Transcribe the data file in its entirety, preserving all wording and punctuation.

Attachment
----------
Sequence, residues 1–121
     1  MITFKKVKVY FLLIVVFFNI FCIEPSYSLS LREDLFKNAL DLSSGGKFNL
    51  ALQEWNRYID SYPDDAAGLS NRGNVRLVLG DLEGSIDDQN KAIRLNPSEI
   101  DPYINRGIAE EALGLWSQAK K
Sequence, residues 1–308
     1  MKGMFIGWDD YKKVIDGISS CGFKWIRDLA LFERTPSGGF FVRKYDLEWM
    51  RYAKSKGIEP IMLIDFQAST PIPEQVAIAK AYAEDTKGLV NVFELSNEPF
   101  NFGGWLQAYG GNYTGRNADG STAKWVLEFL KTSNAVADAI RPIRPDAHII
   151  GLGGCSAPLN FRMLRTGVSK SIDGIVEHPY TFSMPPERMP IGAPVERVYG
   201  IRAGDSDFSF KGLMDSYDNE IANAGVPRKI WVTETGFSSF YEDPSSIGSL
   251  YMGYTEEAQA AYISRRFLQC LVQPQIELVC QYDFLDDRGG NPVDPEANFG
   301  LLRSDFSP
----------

Sequence, residues 1–121
     1  MITFKKVKVY FLLIVVFFNI FCIEPSYSLS LREDLFKNAL DLSSGGKFNL
    51  ALQEWNRYID SYPDDAAGLS NRGNVRLVLG DLEGSIDDQN KAIRLNPSEI
   101  DPYINRGIAE EALGLWSQAK K
Sequence, residues 1–308
     1  MKGMFIGWDD YKKVIDGISS CGFKWIRDLA LFERTPSGGF FVRKYDLEWM
    51  RYAKSKGIEP IMLIDFQAST PIPEQVAIAK AYAEDTKGLV NVFELSNEPF
   101  NFGGWLQAYG GNYTGRNADG STAKWVLEFL KTSNAVADAI RPIRPDAHII
   151  GLGGCSAPLN FRMLRTGVSK SIDGIVEHPY TFSMPPERMP IGAPVERVYG
   201  IRAGDSDFSF KGLMDSYDNE IANAGVPRKI WVTETGFSSF YEDPSSIGSL
   251  YMGYTEEAQA AYISRRFLQC LVQPQIELVC QYDFLDDRGG NPVDPEANFG
   301  LLRSDFSP